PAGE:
The theatre chronicler of the British middle class, Alan Ayckbourn, has long been London’s answer to our David Williamson. It’s odd that the Sydney Theatre Company is staging his now dated 1985 hit Woman In Mind, but it does have a star role for the nicely affable Noni Hazlehurst.

She plays Susan, a 40-something woman starved of affection from her vicar husband and distant son. After a bang on the head from a garden rake, she begins to hallucinate about her ideal husband and family.

Being English, her dream world is all very aristocratic, a tally-ho fantasy of a rambling country estate with hunting and a spiffingly cheerful family, led by the handsome John Adam. But even in England nowadays, this sort of upper class twaddle would be dated.

Director Gale Edwards exaggerates it even more for some broad colonial laughter, as the fantasy family creeps into Susan’s small back garden and brings some sunshine to her unhappy life.

Her frigid husband (David Downer), his loveless sister (the wonderfully acidic Deborah Kennedy), her brutal son (Richard Pyros) and her clumsy doctor (Andrew McFarlane) all fail of course to see her fantasy family at the bottom of the garden.

Ayckbourn is a master craftsman of these sorts of theatrical illusions, gently challenging the audience but still delivering a sturdy comedy on the absurdities of a suburban life.

Woman In Mind though has a darker shadow as Susan’s fantasies unfold into something less comic, more surreal, and the frustrations of her loveless life push her to madness.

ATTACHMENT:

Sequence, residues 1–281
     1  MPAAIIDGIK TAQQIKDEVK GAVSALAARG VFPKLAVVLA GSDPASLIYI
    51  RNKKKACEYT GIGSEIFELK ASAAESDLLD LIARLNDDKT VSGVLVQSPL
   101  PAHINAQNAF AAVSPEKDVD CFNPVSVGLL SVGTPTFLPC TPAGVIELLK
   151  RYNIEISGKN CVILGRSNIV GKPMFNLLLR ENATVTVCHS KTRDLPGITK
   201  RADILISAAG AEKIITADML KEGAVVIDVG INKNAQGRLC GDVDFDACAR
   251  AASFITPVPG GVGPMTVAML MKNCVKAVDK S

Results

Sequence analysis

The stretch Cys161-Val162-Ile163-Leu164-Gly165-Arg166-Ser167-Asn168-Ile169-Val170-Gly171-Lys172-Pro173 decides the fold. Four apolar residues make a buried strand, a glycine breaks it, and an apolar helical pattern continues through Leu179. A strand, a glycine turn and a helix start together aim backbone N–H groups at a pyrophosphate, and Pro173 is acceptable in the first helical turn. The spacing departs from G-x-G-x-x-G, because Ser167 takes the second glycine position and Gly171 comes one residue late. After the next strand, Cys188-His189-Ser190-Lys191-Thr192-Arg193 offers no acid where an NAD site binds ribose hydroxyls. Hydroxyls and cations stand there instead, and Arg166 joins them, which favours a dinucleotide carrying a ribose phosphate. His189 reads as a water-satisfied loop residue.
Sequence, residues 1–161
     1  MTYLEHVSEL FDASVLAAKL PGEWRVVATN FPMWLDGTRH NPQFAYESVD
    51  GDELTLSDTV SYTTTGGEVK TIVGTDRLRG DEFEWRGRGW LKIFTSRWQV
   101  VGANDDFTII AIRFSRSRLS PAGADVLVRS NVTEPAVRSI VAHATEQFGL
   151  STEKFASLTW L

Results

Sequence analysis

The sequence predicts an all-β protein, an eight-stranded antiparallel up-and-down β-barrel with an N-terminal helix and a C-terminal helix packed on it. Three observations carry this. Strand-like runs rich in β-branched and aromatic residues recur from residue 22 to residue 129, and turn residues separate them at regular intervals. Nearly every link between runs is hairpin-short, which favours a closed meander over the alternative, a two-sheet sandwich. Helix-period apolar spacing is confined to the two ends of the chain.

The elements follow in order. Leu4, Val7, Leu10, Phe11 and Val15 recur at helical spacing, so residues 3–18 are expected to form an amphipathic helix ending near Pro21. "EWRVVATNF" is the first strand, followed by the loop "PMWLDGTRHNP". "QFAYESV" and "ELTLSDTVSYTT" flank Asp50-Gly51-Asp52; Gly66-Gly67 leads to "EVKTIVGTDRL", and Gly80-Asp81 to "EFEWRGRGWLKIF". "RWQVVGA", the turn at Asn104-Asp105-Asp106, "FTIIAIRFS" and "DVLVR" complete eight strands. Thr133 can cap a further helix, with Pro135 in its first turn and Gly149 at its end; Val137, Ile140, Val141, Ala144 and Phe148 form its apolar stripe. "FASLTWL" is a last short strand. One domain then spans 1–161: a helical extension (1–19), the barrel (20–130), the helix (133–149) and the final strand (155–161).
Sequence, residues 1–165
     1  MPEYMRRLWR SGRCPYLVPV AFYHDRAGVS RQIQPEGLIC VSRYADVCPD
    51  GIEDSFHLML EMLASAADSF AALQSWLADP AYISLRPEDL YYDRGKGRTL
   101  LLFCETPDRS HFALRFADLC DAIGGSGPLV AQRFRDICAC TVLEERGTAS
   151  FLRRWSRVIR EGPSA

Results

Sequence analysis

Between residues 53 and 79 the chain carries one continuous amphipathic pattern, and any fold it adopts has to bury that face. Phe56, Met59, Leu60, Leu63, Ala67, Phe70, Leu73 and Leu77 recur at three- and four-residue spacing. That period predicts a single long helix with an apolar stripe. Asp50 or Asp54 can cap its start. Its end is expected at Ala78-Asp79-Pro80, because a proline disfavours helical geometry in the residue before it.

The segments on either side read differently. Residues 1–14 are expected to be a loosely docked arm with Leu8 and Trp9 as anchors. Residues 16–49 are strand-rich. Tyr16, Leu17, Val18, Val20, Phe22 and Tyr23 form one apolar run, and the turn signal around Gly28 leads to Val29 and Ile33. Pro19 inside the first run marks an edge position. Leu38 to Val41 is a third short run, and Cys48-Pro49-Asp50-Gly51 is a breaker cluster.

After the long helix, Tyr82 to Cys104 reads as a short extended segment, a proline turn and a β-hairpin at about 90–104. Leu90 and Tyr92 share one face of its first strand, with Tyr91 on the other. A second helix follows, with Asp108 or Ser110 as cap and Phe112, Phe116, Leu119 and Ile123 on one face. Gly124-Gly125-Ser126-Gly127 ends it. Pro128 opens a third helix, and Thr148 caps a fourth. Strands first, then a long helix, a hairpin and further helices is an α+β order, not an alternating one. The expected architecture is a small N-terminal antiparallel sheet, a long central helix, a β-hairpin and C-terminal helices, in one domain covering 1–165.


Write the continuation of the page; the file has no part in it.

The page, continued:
This tragic underbelly to Ayckbourn’s comedy is not well detailed in Edwards’s heavy-handed production.

Mad people, with the exception perhaps of King Lear, are usually fairly boring on stage. They’re impervious to the real world we share, they’re impenetrable, more tediously egocentric than even one’s sane acquaintances. This play, however, takes us inside Susan’s voyage.

We see the careless domestic brutalities which drive Susan to fantasies. We see the fantasies and then how they swirl into paranoiac confusion. Edwards turns this last stage into an over-designed romp.

As for Noni Hazlehurst, she portrays the sadness and thwarted life of Susan but, despite the opportunities from Ayckbourn, little of the real struggle and agony of one on the edge of sanity.

The play steers us through both the laughter and the tragic; the production doesn’t seem to care which way we go.

Woman In Mind is at the Opera House Drama Theatre until 25 November.

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